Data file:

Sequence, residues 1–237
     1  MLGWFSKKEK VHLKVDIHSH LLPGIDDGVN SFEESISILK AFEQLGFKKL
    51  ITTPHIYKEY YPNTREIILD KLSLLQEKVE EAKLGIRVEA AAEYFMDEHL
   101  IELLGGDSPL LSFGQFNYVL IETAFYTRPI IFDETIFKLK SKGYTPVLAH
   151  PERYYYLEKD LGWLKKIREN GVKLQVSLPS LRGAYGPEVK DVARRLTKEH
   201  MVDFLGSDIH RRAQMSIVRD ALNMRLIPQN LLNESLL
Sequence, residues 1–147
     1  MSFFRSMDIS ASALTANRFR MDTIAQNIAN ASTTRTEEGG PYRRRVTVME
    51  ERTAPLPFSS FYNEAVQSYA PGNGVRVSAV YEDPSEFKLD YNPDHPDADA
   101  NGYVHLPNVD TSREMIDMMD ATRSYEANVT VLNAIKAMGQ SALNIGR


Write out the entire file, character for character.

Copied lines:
Sequence, residues 1–237
     1  MLGWFSKKEK VHLKVDIHSH LLPGIDDGVN SFEESISILK AFEQLGFKKL
    51  ITTPHIYKEY YPNTREIILD KLSLLQEKVE EAKLGIRVEA AAEYFMDEHL
   101  IELLGGDSPL LSFGQFNYVL IETAFYTRPI IFDETIFKLK SKGYTPVLAH
   151  PERYYYLEKD LGWLKKIREN GVKLQVSLPS LRGAYGPEVK DVARRLTKEH
   201  MVDFLGSDIH RRAQMSIVRD ALNMRLIPQN LLNESLL
Sequence, residues 1–147
     1  MSFFRSMDIS ASALTANRFR MDTIAQNIAN ASTTRTEEGG PYRRRVTVME
    51  ERTAPLPFSS FYNEAVQSYA PGNGVRVSAV YEDPSEFKLD YNPDHPDADA
   101  NGYVHLPNVD TSREMIDMMD ATRSYEANVT VLNAIKAMGQ SALNIGR